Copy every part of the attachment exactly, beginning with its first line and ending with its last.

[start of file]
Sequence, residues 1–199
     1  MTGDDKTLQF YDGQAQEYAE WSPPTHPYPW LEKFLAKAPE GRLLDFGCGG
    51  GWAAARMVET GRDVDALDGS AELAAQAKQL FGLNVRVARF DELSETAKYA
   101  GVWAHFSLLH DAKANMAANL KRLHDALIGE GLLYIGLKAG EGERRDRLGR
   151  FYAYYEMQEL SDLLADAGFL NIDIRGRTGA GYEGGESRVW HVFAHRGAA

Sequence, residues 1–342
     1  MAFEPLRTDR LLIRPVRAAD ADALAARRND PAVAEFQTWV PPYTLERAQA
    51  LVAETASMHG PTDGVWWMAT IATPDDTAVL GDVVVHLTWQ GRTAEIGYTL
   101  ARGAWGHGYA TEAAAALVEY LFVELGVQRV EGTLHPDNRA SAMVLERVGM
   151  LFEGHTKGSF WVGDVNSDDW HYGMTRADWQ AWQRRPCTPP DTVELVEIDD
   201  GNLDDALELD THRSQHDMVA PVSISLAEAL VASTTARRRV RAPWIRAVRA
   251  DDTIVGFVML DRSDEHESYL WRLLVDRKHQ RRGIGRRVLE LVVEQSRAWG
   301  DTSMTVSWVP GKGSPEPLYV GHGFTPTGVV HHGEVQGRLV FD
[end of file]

Sequence, residues 1–199
     1  MTGDDKTLQF YDGQAQEYAE WSPPTHPYPW LEKFLAKAPE GRLLDFGCGG
    51  GWAAARMVET GRDVDALDGS AELAAQAKQL FGLNVRVARF DELSETAKYA
   101  GVWAHFSLLH DAKANMAANL KRLHDALIGE GLLYIGLKAG EGERRDRLGR
   151  FYAYYEMQEL SDLLADAGFL NIDIRGRTGA GYEGGESRVW HVFAHRGAA

Sequence, residues 1–342
     1  MAFEPLRTDR LLIRPVRAAD ADALAARRND PAVAEFQTWV PPYTLERAQA
    51  LVAETASMHG PTDGVWWMAT IATPDDTAVL GDVVVHLTWQ GRTAEIGYTL
   101  ARGAWGHGYA TEAAAALVEY LFVELGVQRV EGTLHPDNRA SAMVLERVGM
   151  LFEGHTKGSF WVGDVNSDDW HYGMTRADWQ AWQRRPCTPP DTVELVEIDD
   201  GNLDDALELD THRSQHDMVA PVSISLAEAL VASTTARRRV RAPWIRAVRA
   251  DDTIVGFVML DRSDEHESYL WRLLVDRKHQ RRGIGRRVLE LVVEQSRAWG
   301  DTSMTVSWVP GKGSPEPLYV GHGFTPTGVV HHGEVQGRLV FD